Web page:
Using the Tuxedo protocol (Trapnell et al., 2012), expression analysis revealed a total of 434 differentially expressed transcripts between STR and FTR treatments after 7 days of exposure to treatment (307 downregulated and 127 upregulated in FTR). Real-time quantitative PCR confirmed the expression profiles of eight transcripts upregulated in FTR, relative to STR, and six non-differentially expressed transcripts that we used as reference gene candidates (Table S2). Differential expression was confirmed in all cases with at least one primer pair. We were able to confirm expression of eight of the top 10 FTR-upregulated transcripts (Tables S2 and S3) and six of eight non-differentially expressed transcripts (Table S3).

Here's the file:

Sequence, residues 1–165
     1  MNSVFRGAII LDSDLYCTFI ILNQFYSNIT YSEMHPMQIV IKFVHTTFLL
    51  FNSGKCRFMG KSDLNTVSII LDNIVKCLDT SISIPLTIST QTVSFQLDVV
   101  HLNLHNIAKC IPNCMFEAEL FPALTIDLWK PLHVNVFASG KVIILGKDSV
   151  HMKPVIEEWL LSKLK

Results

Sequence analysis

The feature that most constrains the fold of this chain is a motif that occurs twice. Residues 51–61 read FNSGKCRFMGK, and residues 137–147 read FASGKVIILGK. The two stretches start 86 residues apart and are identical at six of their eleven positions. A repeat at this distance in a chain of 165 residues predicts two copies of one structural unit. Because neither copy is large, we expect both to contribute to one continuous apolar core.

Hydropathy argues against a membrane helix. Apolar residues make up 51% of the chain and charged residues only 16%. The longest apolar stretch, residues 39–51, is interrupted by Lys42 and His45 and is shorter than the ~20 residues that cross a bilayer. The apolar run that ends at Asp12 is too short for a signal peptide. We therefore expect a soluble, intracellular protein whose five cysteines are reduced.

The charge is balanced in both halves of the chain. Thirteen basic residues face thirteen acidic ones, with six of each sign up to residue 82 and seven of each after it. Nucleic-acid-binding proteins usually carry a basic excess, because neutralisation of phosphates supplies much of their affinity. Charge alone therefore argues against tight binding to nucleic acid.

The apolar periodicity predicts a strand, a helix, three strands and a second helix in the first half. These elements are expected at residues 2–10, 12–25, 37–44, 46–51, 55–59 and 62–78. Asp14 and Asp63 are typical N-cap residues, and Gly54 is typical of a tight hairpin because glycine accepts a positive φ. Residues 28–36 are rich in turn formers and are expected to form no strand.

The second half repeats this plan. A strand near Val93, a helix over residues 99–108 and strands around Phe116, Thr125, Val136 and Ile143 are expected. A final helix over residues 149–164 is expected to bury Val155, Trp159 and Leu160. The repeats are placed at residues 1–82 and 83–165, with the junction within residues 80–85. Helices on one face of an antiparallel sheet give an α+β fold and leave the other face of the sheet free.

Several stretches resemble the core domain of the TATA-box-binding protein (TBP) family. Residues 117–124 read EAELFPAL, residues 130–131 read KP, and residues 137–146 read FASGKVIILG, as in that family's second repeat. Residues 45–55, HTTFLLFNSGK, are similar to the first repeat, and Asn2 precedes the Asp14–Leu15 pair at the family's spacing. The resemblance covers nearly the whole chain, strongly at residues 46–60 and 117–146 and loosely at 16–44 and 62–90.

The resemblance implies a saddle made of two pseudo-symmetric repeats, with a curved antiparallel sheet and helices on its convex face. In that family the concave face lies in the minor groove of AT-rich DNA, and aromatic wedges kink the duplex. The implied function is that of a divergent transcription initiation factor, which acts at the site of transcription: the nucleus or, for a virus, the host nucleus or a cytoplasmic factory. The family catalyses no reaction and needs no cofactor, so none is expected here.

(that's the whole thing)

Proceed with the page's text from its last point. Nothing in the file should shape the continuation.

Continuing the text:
A Benjamini–Hochberg-corrected Fisher's exact test (one-tailed, FDR=0.05) of upregulated and downregulated transcripts in response to FTR revealed no overrepresented or underrepresented functional classes relative to the gene ontology (GO) distribution in the reference transcriptome. Owing to the lack of enrichment for GO terms, relative to the reference transcriptome, we used direct counts of GO terms of the differentially expressed transcripts in this study for downstream analyses and discussions. Direct counts of the transcripts differentially expressed between FTR and STR treatments on T7 of treatment revealed classes of transcripts functioning in biological processes including regulation of transcription, oxidation–reduction, signal transduction and various metabolic processes (Fig. S1). Also, a direct count of biological process GO terms (Fig. 2) revealed the upregulation in FTR of transcripts functioning in signal transduction and trans-membrane transport. Furthermore, GO terms associated with the construction of cellular components, including plasma membrane and various membrane components, were upregulated in response to FTR (Fig. 2).